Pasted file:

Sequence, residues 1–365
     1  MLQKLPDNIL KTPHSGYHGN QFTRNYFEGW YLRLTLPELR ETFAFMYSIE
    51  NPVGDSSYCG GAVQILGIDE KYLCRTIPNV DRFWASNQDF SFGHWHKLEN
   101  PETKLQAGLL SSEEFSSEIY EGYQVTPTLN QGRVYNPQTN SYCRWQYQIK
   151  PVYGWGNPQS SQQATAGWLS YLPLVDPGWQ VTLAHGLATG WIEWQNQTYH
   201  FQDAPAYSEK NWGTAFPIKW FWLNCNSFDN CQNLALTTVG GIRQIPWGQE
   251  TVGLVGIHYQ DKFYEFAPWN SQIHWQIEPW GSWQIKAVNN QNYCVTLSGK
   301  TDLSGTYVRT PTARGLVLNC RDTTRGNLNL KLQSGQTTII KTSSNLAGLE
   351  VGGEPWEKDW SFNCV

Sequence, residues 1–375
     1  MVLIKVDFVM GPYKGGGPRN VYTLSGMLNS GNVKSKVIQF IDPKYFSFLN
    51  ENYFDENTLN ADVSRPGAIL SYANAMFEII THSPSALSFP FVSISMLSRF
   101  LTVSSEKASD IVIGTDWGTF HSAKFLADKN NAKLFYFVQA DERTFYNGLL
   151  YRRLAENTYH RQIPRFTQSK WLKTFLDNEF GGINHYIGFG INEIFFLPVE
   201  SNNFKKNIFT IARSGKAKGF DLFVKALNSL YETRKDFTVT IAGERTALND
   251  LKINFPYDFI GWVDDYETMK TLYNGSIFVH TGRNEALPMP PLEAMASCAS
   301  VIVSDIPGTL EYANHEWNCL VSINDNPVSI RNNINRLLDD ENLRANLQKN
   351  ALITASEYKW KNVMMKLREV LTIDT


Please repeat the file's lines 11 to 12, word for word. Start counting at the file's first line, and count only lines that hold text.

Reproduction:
     1  MVLIKVDFVM GPYKGGGPRN VYTLSGMLNS GNVKSKVIQF IDPKYFSFLN
    51  ENYFDENTLN ADVSRPGAIL SYANAMFEII THSPSALSFP FVSISMLSRF